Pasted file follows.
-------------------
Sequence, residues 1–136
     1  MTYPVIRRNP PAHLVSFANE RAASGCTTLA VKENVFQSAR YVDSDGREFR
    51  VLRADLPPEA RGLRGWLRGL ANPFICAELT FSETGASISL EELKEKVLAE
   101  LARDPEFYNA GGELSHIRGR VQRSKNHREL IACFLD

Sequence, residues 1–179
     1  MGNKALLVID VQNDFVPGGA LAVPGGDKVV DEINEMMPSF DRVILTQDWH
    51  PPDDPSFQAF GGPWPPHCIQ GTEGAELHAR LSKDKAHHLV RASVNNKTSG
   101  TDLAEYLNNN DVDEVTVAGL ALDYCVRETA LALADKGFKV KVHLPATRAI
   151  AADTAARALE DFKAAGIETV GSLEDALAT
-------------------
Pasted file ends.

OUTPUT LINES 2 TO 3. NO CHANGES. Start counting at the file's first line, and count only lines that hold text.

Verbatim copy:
     1  MTYPVIRRNP PAHLVSFANE RAASGCTTLA VKENVFQSAR YVDSDGREFR
    51  VLRADLPPEA RGLRGWLRGL ANPFICAELT FSETGASISL EELKEKVLAE